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Thread: If you've ever wondered where your vintage machine has been in it's life........

  1. #1
    Senior Member Mom3's Avatar
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    If you've ever wondered where your vintage machine has been in it's life........

    then these photos may explain a lot!

    Click the links below and the click on the pictures and scroll around the picture:

    Chain stitching: http://www.shorpy.com/node/2504

    Dress shop 1919: http://www.shorpy.com/node/12634


    Singer's "On the Dock" 1903 (check the right side of the photo): http://www.shorpy.com/node/12046


    Singer machine in a migrant camp 1936: http://www.shorpy.com/node/13436


    Flood refugees & their Singer 1937: http://www.shorpy.com/node/14174


    Sewing class 1925: http://www.shorpy.com/node/5773


    Sewing Sailors 1896: http://www.shorpy.com/node/8152

  2. #2
    Senior Member happyquiltmom's Avatar
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    Cool pictures! Thanks for posting them.
    Cindy

    Curator of an 1889 Singer model 27 Fiddlebase Treadle, a 1951 Singer Centennial Featherweight, a 1956 Singer 401A, and a 1982 Bernina 830 Record.

  3. #3
    Super Member J Miller's Avatar
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    The Red Eye in that first picture was probably the most expensive and valuable possession that lady had.

    Joe

  4. #4
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    I enjoyed looking at these pictures. It did take me a while to spot the Singers on photo number 3.

  5. #5
    Senior Member jeank's Avatar
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    Quote Originally Posted by Littlebearquiltingboard View Post
    I enjoyed looking at these pictures. It did take me a while to spot the Singers on photo number 3.
    I used the link to view full size to find the crates of Singers.

    The comments below the one of the kids makeing the Cambell clothes challenged the text with the picture about the place being dirty. It was not a dirty apartment. Also the photo was posed, they were all dressed up, one boy was even in a suit.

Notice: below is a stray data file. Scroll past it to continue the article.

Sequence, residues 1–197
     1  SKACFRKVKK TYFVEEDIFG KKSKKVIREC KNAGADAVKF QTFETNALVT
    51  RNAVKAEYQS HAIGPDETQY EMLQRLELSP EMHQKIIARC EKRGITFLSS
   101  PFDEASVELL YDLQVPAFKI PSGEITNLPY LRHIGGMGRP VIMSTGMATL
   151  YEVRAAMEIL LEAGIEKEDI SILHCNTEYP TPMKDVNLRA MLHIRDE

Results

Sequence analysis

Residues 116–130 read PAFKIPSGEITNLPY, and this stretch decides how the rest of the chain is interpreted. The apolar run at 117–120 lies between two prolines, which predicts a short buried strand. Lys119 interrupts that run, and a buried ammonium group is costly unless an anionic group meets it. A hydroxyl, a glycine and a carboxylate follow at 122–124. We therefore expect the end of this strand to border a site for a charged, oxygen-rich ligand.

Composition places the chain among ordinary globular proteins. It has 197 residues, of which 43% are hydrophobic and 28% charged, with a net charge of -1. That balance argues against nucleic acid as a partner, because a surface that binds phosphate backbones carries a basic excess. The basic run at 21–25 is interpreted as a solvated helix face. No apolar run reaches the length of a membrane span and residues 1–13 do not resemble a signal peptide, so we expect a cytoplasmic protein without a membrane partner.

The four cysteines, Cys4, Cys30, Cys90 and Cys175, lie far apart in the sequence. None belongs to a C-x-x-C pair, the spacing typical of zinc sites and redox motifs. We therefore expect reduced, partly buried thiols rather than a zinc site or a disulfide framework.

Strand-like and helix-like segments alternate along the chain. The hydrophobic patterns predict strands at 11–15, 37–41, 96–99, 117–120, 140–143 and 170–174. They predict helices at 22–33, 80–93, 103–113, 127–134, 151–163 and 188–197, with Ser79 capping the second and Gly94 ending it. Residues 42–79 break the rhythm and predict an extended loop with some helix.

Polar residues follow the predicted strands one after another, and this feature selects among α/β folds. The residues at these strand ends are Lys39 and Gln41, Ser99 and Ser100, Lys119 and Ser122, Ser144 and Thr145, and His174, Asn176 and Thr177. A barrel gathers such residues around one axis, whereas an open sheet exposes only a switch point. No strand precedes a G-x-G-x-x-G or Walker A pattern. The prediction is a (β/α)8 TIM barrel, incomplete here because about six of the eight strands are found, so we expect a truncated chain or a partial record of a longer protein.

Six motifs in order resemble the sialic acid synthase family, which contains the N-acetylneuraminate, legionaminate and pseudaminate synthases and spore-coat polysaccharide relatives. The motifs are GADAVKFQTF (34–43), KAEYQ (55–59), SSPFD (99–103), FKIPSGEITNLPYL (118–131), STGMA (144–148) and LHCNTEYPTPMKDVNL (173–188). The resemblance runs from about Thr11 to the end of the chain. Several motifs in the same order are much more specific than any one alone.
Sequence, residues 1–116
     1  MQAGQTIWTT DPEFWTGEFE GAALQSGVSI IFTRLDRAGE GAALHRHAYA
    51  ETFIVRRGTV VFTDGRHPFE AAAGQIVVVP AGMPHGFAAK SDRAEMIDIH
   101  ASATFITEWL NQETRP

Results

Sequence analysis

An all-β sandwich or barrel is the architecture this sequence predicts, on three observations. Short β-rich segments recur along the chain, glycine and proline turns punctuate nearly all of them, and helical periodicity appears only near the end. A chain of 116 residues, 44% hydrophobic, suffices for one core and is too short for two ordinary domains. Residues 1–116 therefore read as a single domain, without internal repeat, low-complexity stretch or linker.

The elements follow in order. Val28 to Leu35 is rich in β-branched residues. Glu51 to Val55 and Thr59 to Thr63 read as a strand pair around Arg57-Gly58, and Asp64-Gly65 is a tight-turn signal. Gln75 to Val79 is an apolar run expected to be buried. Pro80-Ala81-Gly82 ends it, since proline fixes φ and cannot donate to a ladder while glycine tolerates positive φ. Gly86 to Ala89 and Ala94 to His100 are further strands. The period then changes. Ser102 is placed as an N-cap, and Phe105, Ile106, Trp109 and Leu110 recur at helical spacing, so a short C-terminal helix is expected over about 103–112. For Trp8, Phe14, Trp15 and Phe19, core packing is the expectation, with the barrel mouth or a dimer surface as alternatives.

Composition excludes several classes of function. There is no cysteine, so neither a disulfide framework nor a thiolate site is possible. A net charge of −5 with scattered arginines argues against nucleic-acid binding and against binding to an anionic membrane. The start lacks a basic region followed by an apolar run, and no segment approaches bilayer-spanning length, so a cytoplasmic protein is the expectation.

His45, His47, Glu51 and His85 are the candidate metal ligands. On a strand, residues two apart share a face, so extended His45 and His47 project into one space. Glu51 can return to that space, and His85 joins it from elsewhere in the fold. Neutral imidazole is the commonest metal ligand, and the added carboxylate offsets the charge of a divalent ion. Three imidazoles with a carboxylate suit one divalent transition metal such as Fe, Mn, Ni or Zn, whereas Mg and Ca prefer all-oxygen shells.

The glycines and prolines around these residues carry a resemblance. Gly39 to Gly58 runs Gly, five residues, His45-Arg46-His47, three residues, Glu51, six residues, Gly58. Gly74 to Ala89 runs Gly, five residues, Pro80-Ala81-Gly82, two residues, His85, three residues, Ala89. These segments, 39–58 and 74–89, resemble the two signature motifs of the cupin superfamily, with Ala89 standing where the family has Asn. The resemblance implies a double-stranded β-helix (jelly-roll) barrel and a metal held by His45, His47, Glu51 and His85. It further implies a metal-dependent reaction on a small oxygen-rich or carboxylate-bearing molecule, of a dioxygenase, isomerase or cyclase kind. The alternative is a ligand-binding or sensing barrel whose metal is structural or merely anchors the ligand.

Jean in MI

  6. #6
    Senior Member Mom3's Avatar
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    When you click on the links I provided you see a small sized version of the photo. Once on the linked page then click on the photo to enlarge it and then scroll around the photo. There are awesome details to be seen in the larger photos.

    Also, on the linked page there are comments below the photos that may give more info on the photo (scroll down).

    In photo #3, the Singer machines are crated up for shipment.

  7. #7
    Super Member JudyTheSewer's Avatar
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    In the picture of the sewing class, there are some machines without a belt, right? How does that work? I really enjoyed looking at these pictures. Thanks for posting.

  8. #8
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    Great pictures!

  9. #9
    Super Member J Miller's Avatar
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    Quote Originally Posted by JudyTheSewer View Post
    In the picture of the sewing class, there are some machines without a belt, right? How does that work? I really enjoyed looking at these pictures. Thanks for posting.
    Not only did some of them not have belts, another one just had the belt off the hand wheel. Makes you go ... Hmmmmmmmm, don't it.

    Joe

  10. #10
    Super Member DogHouseMom's Avatar
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    Thanks for posting those!!! Loved looking at the pics.
    May your stitches always be straight, your seams always lie flat, and your grain never be biased against you.

    Sue

  11. #11
    Super Member SteveH's Avatar
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    remember the amount of time it took to take a photo during most of the times represented.